Cursed Children: The Potter Generation, 9 Years Later

Seven books. Eight films. Ten years. And now, one stage-play – a story meant for the next generation of Potter kids.


potter pensieve


When Harry Potter and the Order of the Phoenix was released, the same weekend I graduated from high school, I waited in line at midnight. And waited again, two years later, for Half-Blood Prince. But after the midnight release of Deathly Hallows, just prior to my final year of college, I started to close the Harry Potter chapter of my life. So when Scholastic released the script to the ‘8th Harry Potter story,’ nine years later, I didn’t rush to Amazon or my local book store. I waited. I forgot. I didn’t know if I wanted to read it at all. And then eventually, because friends wanted to talk about it, I cracked the spine on Harry Potter and the Cursed Child.

It’s an entertaining story, and undoubtedly a beautiful spectacle on the stage, but it reads like well-written fan fiction. I Can’t Believe It’s Not Canon – imitation at its finest, with Rowling‘s story, and Rowling’s approval, but not Rowling’s words. The text makes allowances for the format; the über-fan within me flinches at what the dramatist recognizes are necessary simplifications. There’s a distance between the characters and the reader that might be filled by actors, but for the majority who will never see the script brought to life, that distance blunts emotion.

I wanted to love Harry Potter and the Cursed Child. I wanted to feel the thrill of returning to Hogwarts one more time, but Cursed Child left me feeling like Dobby had closed the barrier to Platform 9 3/4; instead of grabbing the train, I ran face-first into a brick wall.

Eventually I realized the unfortunate truth behind my lackluster reception of a new Harry Potter tale: we, the first Potter Generation, entered the Wizarding World too soon. This was our curse. We were the first, we were on the front lines, and while there wouldn’t be an empire without us, as the magic continued to grow and expand beyond those original pages – into theme parks, prequel films, a sequel on the stage – the time of wonder passed us by. Instead of waking up to a whole universe already spread before us, we lived through the exploration phase, the growing pains, the trials and contradictions. We spent years filling in the gaps for ourselves because we had no other alternatives. The thrill of making simultaneous discoveries with people all across the globe made it a phenomenon that still takes my breath away – but that journey came to an end, and no one can take the exact same journey twice.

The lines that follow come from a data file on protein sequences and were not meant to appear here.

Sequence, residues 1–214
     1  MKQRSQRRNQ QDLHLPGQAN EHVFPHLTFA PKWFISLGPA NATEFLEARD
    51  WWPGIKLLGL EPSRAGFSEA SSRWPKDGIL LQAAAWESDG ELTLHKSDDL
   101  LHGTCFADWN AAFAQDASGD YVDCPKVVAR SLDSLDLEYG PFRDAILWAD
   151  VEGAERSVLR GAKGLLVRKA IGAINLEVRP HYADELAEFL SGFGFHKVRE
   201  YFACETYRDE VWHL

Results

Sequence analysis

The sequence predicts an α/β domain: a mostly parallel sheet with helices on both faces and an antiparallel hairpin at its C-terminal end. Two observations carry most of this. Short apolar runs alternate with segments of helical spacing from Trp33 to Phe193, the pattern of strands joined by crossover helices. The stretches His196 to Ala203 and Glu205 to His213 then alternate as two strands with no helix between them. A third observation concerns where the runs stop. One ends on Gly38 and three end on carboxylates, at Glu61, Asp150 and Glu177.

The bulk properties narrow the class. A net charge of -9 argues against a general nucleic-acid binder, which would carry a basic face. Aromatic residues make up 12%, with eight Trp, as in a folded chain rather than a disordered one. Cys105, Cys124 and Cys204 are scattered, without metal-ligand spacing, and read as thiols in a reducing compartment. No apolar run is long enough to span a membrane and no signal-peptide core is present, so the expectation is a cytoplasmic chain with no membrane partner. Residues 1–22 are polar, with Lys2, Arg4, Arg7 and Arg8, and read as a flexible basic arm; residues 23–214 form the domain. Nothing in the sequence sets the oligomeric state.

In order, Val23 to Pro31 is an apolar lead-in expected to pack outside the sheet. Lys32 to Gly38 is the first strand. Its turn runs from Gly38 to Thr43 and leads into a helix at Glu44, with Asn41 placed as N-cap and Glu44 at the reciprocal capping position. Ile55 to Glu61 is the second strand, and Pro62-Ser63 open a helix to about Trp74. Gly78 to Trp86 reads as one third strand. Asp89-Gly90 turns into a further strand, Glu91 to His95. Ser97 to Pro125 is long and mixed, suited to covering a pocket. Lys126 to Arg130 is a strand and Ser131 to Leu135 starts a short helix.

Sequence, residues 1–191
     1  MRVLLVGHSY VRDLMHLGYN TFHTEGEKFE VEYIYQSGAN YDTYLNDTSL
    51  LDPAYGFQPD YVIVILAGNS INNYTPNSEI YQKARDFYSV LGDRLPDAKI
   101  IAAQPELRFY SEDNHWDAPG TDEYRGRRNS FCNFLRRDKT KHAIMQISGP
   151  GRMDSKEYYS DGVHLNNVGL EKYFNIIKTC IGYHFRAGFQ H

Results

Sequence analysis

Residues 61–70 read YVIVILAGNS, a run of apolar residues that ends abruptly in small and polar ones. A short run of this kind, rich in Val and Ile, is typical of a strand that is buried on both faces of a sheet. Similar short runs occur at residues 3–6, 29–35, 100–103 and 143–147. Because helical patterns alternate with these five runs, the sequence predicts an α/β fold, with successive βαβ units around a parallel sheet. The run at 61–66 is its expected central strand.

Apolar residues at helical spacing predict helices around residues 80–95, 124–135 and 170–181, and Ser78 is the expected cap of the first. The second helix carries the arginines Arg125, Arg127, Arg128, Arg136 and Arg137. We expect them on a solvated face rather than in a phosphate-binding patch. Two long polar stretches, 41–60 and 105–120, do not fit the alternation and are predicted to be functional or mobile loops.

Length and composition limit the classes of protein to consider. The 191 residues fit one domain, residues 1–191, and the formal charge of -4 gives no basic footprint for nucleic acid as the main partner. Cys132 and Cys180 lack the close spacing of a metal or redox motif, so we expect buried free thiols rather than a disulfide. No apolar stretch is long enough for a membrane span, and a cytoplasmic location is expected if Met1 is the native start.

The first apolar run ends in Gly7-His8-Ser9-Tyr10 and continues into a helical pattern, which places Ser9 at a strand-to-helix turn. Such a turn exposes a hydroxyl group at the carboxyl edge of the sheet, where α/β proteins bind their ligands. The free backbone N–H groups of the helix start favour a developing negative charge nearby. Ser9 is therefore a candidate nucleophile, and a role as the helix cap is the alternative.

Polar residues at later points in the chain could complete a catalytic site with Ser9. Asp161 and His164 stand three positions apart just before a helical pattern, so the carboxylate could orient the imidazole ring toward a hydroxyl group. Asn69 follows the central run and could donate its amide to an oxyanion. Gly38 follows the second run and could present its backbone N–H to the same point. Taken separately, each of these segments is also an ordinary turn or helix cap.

It’s not that the magic is gone; I know it’s still out there – just not for me, not along this new path. As I reminisce, thousands of ten-year-olds are discovering Harry Potter for the first time – the Wizarding World is brand new to them, and already includes all these incredible additions. They’ll never know the fear that Rowling might not finish Book 7, or spend hours debating who will end up with whom. When they read Cursed Child or see it on stage, they won’t blink at the apparent contradictions to established canon or Word of God. They won’t need to devour the text for every scrap of information because there’s already a world beyond the page for them to enjoy.

I don’t want to be Snape, living in the past, bitter about experiences I’ll never have. I can and do enjoy these new pieces of the Potter universe, but it’s as if I’ve drawn out my memories of that magical time when I lived and breathed Harry Potter, when a series of books about a boy wizard changed my life, and placed them in a Pensieve to keep them perfectly preserved. As a result, I no longer need to know every minute fact about the Wizarding World the moment it comes to light, no longer feel that rush of unbridled excitement when another expansion is announced. Whenever I do want to return to Hogwarts, all I have to do is visit my Pensieve and I’m once again under Rowling’s spell.

After all this time? Always.


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